Lemieux, Stoller, Obama, and me

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Elias Isquith

Elias Isquith is a freelance journalist and blogger. He considers Bob Dylan and Walter Sobchak to be the two great Jewish thinkers of our time; he thinks Kafka was half-right when he said there was hope, "but not for us"; and he can be reached through the twitter via @eliasisquith or via email. The opinions he expresses on the blog and throughout the interwebs are exclusively his own.

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17 Responses

  1. Avatar Koz
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    says:

    Saw the Stoller thing. Libs are just now figuring out the hurtbag BHO has put the Demo’s into. Elias, to his credit, figured it out earlier than most.

    Contrary to most Demo’s, the idea the Obama won’t be leading the Demo ticket in 15 months is not ridiculous. Not probable, but still not ridiculous.

    Contra Stoller, if it does happen, it’s much more likely to be Johnson-like scenario, wherein Obama basically gets tired and quits. A Kennedy-type insurgency like what Stoller is describing, is improbable to the point of irrelevance.Report

    • Avatar Michael Drew in reply to Koz
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      says:

      It would be interesting to hear you and Elias debate how Obama put the Demo’s into the hurtbag, what he should have done differently to avoid it, whether doing those things would actually have prevented that, and what he should do now – from his own and his party’s perspective.Report

      • Avatar Koz in reply to Michael Drew
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        says:

        Yeah, I actually feel a decent-sized spleen venting coming on.

        For now, especially in the context of lib intramural arguing, let’s just note this: there’s a number of things where Obama could have done this instead of that to take the starch out of the Republicans. I don’t see that there’s anything with any currency for some significant faction of the Left that would have helped the economy in any significant way at all.

        And the anti-Obama Left hasn’t even tried to argue the point. It’s all been political maneuvering for them.Report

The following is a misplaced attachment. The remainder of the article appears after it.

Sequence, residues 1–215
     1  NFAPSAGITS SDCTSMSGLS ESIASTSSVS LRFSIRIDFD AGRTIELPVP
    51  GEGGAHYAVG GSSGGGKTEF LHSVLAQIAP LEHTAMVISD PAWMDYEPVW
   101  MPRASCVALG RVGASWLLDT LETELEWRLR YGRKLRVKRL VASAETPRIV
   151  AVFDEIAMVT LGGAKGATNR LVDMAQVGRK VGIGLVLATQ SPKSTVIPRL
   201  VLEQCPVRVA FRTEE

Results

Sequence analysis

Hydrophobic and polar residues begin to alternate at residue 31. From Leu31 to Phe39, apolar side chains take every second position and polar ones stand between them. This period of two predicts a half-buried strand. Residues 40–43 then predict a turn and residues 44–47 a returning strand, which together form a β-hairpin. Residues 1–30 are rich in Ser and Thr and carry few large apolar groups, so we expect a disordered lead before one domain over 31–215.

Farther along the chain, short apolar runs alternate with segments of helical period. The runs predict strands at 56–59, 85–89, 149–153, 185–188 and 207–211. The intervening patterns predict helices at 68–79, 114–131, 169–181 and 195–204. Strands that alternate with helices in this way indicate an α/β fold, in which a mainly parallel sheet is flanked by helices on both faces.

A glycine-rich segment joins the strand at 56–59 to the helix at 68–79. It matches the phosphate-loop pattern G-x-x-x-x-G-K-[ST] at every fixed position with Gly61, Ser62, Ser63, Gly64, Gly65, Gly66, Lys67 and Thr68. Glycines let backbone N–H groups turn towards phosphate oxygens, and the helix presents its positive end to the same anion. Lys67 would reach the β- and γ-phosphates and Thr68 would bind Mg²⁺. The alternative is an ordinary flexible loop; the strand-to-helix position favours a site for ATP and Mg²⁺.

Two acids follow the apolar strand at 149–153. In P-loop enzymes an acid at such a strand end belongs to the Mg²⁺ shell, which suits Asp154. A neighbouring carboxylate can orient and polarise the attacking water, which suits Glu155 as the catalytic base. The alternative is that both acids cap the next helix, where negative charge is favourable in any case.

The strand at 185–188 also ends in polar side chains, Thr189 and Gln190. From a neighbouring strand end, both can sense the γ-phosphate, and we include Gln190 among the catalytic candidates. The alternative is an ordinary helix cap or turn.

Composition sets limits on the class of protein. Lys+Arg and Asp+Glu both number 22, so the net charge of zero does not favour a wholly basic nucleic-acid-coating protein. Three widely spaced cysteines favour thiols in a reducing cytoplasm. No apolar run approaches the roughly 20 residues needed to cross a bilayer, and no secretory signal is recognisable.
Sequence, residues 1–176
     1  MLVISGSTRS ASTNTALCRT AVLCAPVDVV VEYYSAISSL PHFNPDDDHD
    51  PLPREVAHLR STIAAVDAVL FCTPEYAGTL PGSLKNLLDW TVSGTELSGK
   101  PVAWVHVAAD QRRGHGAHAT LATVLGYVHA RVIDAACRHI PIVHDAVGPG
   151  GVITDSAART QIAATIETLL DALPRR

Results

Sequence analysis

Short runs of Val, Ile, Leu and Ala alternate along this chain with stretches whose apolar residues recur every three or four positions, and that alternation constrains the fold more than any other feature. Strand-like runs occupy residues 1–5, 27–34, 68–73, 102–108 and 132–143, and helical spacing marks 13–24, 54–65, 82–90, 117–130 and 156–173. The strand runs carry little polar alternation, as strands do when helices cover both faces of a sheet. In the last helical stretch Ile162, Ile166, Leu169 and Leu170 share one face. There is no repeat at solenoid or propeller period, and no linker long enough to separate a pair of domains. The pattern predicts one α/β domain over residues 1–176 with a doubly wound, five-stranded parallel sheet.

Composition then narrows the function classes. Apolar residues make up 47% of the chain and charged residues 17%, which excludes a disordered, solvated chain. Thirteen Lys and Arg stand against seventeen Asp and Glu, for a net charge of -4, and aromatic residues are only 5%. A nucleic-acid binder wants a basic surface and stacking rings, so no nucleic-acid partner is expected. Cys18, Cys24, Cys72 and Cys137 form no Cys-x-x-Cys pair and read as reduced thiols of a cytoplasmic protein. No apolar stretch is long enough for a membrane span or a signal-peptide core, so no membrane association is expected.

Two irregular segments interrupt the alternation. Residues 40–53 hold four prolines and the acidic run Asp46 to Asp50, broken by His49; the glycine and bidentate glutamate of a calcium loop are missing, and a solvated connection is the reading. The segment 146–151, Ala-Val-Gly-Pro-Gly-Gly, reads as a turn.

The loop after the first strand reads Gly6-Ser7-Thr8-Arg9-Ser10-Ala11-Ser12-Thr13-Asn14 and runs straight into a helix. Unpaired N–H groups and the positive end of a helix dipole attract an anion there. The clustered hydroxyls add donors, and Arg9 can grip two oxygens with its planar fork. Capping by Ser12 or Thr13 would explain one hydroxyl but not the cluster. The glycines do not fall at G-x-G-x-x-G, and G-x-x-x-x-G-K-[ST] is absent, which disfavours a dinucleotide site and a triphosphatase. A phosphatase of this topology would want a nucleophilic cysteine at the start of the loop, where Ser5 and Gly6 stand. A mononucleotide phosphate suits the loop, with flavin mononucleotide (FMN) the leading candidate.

• Avatar Tom Van Dyke in reply to Koz
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      says:

      BHO still enjoys 85% approval from blacks. A challenge would split the party for decades if not forever, and the Dems are dead nationally without the black vote.

      [BHO approval among whites: 33%. Hispanics, 48.]

      http://cnsnews.com/news/article/obama-had-worst-month-ever-august-gallup

      If BHO were to quit [impossible, IMO], the resulting lack of black enthusiasm would also be disastrous.Report

      • Avatar Koz in reply to Tom Van Dyke
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        says:

        I don’t think it’s impossible at all. In fact, I’d even venture that it’s the most likely scenario for the Demo’s to keep the White House. If BHO quits instead of being forced out, there will be less black enthusiasm for the Demo ticket, but there’d be no real reason for a black backlash against the Demo’s.

        There’s two things about BHO that libs (and the rest of us for that matter) should bear in mind.

        1. He’s smarter than the typical lib.
        2. He cares less about policy than the typical lib.Report

        • Avatar Michael Drew in reply to Koz
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          says:

          1. Undoubtedly.
          2. That really, really depends upon who you’d identify as the typical lib (though you’re probably right; but only marginally so).

          Basically, he’s a typical lib.

          He’s not going to quit. His chances of reelection right now are a shade below 50-50. The chances that a Dem would be elected if he quit (by which I assume you mean announce he is not seeking reelection, despite the fact that he has announced his is) would be a shade below 1-in-4.Report

          • Avatar Elias Isquith in reply to Michael Drew
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            says:

            I actually am way less prone to blame Obama and Obama alone for his current circumstances than you might think. However, I just can’t imagine that, running against Romney, he’d be only a “shade below 50-50.” Against Perry, sure. But Romney I’d give a solid 60% chance of winning, were the match-up to occur. The White House seems pretty scared of Romney, fwiw.Report

            • Avatar Michael Drew in reply to Elias Isquith
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              says:

              48-52 vs. 40-60. Is it even worth hashing that out? These are completely made-up numbers. And Romney is currently neither the nominee nor the frontrunner. So what’s your point?Report

              • Avatar Elias Isquith in reply to Michael Drew
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                says:

                Oof. Did I step on your toes in the process of writing that rather anodyne comment, Michael? It wasn’t my intention.Report

              • Avatar Michael Drew in reply to Elias Isquith
                Ignored
                says:

                Sorry. I’d love to hear more about what you say in your first sentence here, but that doesn’t seem to match your primary motivation in your writings of late, so I’ll leave that decision to you.